Most American Jews will vote tomorrow for reasons other than Israel but few will vote indifferent to it. So let’s be clear what a Romney administration, reaching into the foreseeable future, really means.
My college friend from Montreal, Ruth Wisse, writes in the Wall Street Journal that a vote for Mitt Romney is a vote for “a strong America” which, given looming risks from Iran and Egypt, Israel especially needs. I suppose there isn’t much point in trying to dissuade Wisse, or anyone else who believes that a century-long crisis can be grasped in terms of strength and warmth. Much of her literary scholarship, beginning with her first book (ironically titled The Schlemiel As Modern Hero, and celebrating Norman Podhoretz), has been a kind of warning to Jews not to overthink things in the face of threat. Let’s just say she’s taken her own advice.
For the strength she is counting on Romney to project is not just against some vague regional enmity but strength in defense of a status quo which Benjamin Netanyahu, now in lockstep with Avigdor Lieberman, is doubling down on—a status quo that is not at all static, indeed, is bound to bring upheavals against which American power will be as helpless as it was against the fall of Mubarak and roadside bombs.
What does Netanyahu’s course, if he's reelected in January, portend for American interests? Many in the Israeli peace camp, J Street, and so forth, have insisted, plausibly, that we are on the road to a Jewish state where democratic standards are necessarily undermined. They point to the dangers of obvious demographic changes under occupation; some even speak glibly of an emerging theocracy. Romney probably thinks in these terms himself, though he draws different conclusions from the changes: that the worst that can happen in Israel and Palestine is a few million Arabs with no real civil liberties, you know, the same unfreedom Arabs suffer in most Arab countries.
This seriously underestimates the Israeli right. Netanyahu and his partners have a long-term vision with no demographic problem because the incorporation of “Judea and Samaria” does not just entail a few more settlements here and there. It entails the upending of the Hashemite government in Jordan, the formation of a Palestinian state in Amman, and the eventual migration—or, in the event of war, forced expulsion—of Palestinians in the West Bank across the Jordan River. Give the status quo enough time and the incendiary conditions laying the foundation for Netanyahu’s policies will be as irreversible as global warming.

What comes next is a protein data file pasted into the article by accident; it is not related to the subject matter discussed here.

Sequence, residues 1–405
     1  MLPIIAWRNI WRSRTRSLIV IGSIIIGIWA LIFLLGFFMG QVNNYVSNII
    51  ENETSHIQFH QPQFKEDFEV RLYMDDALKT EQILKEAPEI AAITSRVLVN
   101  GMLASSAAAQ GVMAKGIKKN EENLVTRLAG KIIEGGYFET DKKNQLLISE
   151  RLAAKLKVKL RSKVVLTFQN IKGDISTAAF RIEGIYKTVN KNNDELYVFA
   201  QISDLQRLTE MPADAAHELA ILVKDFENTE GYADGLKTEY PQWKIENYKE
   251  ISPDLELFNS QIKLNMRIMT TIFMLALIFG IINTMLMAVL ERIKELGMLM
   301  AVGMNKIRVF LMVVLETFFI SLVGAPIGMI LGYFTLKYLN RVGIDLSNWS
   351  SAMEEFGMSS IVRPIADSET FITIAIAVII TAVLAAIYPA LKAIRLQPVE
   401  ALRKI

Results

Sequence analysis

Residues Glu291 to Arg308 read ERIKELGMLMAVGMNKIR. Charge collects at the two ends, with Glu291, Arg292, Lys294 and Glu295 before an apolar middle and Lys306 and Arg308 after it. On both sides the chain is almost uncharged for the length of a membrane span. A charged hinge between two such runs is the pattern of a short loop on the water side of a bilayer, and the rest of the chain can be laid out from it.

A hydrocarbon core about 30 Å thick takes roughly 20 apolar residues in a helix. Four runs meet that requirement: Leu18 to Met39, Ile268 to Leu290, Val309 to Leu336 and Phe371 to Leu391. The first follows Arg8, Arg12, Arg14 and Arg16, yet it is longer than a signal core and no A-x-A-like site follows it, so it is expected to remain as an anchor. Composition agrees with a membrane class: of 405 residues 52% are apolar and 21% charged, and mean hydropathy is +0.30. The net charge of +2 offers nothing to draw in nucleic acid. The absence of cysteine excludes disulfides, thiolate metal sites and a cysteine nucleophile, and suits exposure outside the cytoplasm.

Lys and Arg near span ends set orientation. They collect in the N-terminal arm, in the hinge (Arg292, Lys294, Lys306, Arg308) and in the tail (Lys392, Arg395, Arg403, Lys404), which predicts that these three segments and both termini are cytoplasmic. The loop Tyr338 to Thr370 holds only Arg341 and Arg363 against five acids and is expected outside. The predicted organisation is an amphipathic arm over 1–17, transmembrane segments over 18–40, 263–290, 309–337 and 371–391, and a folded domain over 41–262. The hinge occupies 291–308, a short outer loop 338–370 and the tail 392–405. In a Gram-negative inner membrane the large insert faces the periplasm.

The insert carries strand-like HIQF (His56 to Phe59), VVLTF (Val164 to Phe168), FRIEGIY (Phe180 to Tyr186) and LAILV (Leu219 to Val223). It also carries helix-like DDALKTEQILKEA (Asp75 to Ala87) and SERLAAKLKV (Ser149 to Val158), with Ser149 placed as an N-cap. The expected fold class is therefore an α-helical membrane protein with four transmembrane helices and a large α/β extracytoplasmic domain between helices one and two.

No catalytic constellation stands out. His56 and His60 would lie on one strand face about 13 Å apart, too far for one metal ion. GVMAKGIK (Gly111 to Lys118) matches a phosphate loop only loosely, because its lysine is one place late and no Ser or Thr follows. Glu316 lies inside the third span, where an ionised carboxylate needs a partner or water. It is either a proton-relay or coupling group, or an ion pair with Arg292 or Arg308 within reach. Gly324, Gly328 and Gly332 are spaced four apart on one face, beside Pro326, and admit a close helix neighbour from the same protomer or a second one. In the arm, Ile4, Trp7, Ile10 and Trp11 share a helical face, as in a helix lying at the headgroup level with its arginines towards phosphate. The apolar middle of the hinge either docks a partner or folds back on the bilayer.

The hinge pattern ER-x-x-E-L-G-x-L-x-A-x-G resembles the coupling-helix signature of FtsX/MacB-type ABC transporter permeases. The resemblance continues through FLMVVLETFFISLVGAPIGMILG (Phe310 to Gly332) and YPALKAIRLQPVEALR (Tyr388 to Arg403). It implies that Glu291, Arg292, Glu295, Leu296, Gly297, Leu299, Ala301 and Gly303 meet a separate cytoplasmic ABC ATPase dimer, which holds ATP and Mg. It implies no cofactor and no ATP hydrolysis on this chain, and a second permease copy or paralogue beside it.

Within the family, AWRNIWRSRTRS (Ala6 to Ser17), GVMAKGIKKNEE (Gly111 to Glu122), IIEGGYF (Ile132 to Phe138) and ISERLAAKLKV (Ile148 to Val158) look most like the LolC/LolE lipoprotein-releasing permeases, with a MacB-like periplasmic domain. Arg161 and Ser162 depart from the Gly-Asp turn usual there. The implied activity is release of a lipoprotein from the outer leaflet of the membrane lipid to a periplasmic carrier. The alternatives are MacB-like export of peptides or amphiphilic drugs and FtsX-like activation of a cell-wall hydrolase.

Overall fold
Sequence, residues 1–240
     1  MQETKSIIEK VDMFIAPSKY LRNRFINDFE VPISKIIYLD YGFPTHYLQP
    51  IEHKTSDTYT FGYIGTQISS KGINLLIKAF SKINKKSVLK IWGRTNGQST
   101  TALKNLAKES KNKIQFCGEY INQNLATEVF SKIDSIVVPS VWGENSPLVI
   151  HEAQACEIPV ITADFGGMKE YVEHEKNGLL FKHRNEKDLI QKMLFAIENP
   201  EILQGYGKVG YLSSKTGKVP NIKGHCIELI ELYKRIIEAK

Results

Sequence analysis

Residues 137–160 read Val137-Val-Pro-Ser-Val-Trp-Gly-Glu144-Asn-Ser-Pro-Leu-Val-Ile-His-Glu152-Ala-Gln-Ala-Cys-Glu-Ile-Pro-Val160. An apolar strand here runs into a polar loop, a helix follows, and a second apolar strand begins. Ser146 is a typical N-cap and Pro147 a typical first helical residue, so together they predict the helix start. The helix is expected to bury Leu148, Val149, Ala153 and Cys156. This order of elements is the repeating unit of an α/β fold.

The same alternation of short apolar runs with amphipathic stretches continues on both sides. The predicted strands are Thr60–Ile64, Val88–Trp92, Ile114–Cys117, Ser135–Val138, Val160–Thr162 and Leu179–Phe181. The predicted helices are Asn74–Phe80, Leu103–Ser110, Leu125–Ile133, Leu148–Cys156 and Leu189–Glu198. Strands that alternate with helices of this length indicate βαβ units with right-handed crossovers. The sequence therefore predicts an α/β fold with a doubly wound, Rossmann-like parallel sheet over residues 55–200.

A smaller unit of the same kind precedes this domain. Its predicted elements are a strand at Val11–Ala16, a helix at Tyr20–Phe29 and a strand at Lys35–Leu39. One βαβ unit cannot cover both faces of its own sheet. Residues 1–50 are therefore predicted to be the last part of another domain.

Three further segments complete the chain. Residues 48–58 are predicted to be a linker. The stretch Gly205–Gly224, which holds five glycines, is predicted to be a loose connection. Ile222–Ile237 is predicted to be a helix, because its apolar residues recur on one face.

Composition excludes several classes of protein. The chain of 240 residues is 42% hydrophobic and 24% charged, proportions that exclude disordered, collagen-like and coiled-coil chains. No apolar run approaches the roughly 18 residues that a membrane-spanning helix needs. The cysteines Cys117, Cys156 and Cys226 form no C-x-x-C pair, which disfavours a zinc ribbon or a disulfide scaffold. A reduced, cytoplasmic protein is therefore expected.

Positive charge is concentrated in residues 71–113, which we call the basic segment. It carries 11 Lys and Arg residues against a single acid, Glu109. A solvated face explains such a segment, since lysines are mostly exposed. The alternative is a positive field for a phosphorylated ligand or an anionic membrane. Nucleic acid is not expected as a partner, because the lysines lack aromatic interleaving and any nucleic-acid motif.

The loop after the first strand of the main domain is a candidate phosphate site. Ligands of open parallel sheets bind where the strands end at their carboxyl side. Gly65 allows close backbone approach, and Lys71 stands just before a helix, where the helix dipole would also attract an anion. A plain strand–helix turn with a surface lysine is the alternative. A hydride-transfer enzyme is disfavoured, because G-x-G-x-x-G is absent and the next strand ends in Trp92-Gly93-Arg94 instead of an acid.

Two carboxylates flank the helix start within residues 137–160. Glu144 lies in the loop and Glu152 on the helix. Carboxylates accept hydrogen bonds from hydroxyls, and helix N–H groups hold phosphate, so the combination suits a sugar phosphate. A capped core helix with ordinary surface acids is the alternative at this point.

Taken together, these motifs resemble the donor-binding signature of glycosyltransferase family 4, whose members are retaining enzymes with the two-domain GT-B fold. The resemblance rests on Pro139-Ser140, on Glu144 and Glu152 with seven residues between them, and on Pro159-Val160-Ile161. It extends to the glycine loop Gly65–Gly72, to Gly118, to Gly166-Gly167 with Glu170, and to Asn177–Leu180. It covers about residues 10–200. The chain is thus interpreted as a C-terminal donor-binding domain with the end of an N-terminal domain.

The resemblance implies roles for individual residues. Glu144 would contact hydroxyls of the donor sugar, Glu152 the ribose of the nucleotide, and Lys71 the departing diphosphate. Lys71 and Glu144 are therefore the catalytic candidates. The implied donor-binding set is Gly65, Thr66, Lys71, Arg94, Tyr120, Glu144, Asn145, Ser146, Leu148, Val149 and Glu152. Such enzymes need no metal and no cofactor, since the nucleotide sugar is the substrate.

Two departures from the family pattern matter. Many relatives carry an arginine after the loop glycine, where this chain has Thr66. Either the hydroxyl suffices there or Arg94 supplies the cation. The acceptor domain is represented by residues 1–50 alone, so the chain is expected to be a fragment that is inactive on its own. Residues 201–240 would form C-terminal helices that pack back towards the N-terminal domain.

And “enough time” in this case means four years, eight at the most. If Romney wins, and reinforces Netanyahu’s position, the Palestinian Authority will pretty much fall apart. Four more years of Netanyahu and Hamas will be the only force in Palestine left standing.
Remember that when Ronald Reagan took office there were perhaps 10,000 settlers outside of Jerusalem. When he left office, there were 100,000. American elections, as it is said, have consequences. Not that the rightists’ policy can succeed, at least not in the way they imagine. The Hashemites will not just surrender power and abscond to South Kensington. West Bankers will fight to stay in their homes, even if the richest among them also keep a home in Amman or Qatar.
But imagine Likudish fantasies coming true. Israel will find itself surrounded, with a Balkan-like insurgency forming in the territories, and a million-and-a-half Israeli Arabs growing sympathetic to a cause promising to remove a self-defined “Zionist” state that treats them like second-class citizens by design. The occupation-cum-settlement project will engender a vicious war, with ethnic cleansing on both sides, Tel Aviv technology entrepreneurs getting out, and the government of Egypt jumping in—a five foot leap over a seven foot chasm, an Intifada stretching from Nazareth to Hebron.
American Jews should care about muscle in the White House but brains and a sense of history wouldn’t hurt. When Romney slyly told his big donors in Florida that, aside from giving up on the 47 percent, he would kick the Palestinian can down the road he was mirroring Netanyahu but doing no favor for Israelis, Jordanians, or Palestinians, for that matter. The Middle East, alas, kicks back.
Matthew Kalman broke the story of physicist Stephen Hawking’s boycott of Israel. Then Cambridge University tried to falsely deny it.